|My Bean Soup, last evening|
|Mom & Dad's Bean Soup, 2001|
|ham bone and beans in the pot with water - note the line|
I don't recall Mom ever soaking the beans for the soup, and I never have when I make my own. Great Northern beans are best, though Navy Beans are fine. When Mom and Dad made the soup in later years, they started playing with the recipe a bit, using celery, which they never did when I was young, and sometimes substituting a bag of baby carrots for regular carrots, sliced. The soup will thicken as the beans are cooked for more than 2 hours. If you stop the cooking when the beans are just tender, the soup will not be as thick, though just as tasty. My preference is that the soup be so nice and thick you can almost stand your spoon up in it, but that is my choice.
Another thing my Dad always did, and I follow suit, is to add a little vinegar to the soup in his bowl. It really enhances the flavor of the soup. I know some may thing this is odd, but I love it, so give it a try. Anywhere from a teaspoon to a tablespoon per bowl, to taste. This soup is heavenly good on its own, but a nice slice of bread with butter is a wonderful addition to the meal.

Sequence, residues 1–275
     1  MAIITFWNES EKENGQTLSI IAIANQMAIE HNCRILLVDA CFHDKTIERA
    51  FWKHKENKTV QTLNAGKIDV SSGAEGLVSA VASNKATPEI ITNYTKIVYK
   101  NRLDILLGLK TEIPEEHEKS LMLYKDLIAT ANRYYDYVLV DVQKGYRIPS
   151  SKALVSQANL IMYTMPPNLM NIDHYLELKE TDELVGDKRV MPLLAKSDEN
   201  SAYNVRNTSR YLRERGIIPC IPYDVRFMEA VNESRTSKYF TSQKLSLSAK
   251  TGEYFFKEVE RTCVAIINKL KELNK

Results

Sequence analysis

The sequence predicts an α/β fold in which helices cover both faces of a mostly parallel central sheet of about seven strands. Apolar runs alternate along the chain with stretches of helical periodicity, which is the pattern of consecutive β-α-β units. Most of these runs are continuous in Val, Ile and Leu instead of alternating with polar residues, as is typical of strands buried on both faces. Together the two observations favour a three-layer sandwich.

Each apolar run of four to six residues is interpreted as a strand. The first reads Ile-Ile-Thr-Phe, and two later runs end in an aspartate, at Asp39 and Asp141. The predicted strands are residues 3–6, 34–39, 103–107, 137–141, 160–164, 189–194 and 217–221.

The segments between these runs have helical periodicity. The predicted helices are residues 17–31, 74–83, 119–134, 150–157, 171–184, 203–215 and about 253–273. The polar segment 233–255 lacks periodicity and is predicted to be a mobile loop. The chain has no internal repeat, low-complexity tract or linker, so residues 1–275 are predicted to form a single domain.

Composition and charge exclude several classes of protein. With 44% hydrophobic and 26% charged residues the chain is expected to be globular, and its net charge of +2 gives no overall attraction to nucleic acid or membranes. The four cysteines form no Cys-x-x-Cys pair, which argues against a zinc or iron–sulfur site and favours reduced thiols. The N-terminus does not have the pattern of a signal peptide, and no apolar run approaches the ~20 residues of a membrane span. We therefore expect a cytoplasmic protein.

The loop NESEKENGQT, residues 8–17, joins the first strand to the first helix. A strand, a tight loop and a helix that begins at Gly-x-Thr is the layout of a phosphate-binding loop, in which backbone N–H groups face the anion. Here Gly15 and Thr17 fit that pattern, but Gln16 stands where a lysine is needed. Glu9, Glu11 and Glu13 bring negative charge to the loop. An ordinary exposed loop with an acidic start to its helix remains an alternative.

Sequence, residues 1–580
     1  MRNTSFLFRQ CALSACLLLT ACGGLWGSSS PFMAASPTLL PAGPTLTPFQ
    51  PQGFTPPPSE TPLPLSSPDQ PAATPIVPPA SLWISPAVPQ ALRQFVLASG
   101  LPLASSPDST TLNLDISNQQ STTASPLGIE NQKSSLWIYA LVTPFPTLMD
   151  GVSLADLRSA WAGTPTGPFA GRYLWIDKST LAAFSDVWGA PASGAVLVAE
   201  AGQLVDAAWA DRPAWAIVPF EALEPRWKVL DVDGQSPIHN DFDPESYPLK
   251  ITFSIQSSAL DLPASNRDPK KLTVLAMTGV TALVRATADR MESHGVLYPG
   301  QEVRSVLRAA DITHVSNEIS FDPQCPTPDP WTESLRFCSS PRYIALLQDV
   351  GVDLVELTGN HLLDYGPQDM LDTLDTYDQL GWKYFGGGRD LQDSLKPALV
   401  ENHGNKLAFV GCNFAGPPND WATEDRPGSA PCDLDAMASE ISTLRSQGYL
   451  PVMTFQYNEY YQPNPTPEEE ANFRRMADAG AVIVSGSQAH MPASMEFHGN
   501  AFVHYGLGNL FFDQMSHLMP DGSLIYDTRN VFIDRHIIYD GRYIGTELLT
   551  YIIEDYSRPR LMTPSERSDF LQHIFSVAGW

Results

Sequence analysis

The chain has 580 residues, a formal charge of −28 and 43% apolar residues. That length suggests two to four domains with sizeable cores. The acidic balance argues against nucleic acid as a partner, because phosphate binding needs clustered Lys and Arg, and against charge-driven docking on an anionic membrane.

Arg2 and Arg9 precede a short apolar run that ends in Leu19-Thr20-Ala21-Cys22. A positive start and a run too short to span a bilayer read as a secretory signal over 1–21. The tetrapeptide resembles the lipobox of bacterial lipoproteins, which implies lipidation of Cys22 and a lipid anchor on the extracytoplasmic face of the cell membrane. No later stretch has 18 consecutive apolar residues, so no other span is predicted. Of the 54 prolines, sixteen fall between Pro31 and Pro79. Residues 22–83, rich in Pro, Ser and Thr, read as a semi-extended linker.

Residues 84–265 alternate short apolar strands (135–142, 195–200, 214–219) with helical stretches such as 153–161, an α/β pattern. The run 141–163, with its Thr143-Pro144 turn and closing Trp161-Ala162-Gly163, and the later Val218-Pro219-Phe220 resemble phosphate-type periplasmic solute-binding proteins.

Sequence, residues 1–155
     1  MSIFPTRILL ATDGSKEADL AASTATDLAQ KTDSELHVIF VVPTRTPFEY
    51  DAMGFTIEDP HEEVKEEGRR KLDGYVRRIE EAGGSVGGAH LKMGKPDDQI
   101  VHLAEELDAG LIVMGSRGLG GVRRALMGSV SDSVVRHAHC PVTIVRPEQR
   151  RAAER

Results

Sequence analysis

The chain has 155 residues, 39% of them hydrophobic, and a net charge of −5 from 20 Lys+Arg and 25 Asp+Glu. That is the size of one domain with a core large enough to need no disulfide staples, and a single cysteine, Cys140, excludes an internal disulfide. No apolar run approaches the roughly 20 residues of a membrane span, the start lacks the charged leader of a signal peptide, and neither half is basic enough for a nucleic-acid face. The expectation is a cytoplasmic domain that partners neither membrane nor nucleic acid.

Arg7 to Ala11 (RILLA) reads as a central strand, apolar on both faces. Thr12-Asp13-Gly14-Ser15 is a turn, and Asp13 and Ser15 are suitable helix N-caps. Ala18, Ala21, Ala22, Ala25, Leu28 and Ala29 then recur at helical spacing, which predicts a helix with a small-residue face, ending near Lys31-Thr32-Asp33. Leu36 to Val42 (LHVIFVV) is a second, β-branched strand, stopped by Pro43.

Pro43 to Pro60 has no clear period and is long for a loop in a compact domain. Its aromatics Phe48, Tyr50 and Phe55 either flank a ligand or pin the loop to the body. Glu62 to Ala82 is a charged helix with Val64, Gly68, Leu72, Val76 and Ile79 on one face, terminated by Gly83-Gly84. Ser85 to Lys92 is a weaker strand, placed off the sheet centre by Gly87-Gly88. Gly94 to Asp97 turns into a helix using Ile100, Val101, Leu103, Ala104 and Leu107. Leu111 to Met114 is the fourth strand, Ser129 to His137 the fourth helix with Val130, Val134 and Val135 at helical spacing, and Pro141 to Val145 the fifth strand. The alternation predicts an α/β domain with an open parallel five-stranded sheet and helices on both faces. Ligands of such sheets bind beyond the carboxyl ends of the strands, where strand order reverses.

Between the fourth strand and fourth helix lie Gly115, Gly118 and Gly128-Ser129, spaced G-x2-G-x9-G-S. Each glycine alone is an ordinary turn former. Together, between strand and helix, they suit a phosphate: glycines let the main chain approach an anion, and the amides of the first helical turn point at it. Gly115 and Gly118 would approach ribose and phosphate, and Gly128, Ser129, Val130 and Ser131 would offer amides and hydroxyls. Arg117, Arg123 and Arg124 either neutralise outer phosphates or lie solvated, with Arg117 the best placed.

|The finished soup|
1 leftover ham bone, with up to 1 pound meat left on
1 pound Great Northern Beans, picked over and rinsed
1 large onion, diced
1 - 2 bay leaves
1 cup barley, preferably the long-cooking kind
3 - 4 large carrots, scrubbed, sliced in coins
2 - 4 potatoes, depending on size, peeled, cubed
3/4 - 1 cup ketchup
Put first five ingredients into a very large soup pot and add water. The ham bone should stick out by about 1/3 (note the line I made on the photo to show where the water line was). Bring to a boil and reduce heat. Simmer, covered, for about an hour or so. Add the carrots, potatoes and ketchup, cover and continue to cook for at least another hour or two, until soup is slightly thickened and beans are falling-apart tender. Remove the ham bone from the pot and set it on a plate. When cool enough to handle, break off all the meat and break it up into shreds. Discard the bone and any fat. Return the meat to the pot and stir in. Remove bay leaves and pass the vinegar!
My passion is to teach people how to create a harmony of flavors with their cooking, and help pass along my love and joy of food, both simple and exotic, plain or fancy. I continue my journey in ethnic and domestic cuisines, trying new things weekly. Join me at A Harmony of Flavors Website and Marketplace, Tumblr, Facebook, Twitter, and Pinterest. I am also on a spiritual journey and hope you will join me at my new blog, An Eagle Flies.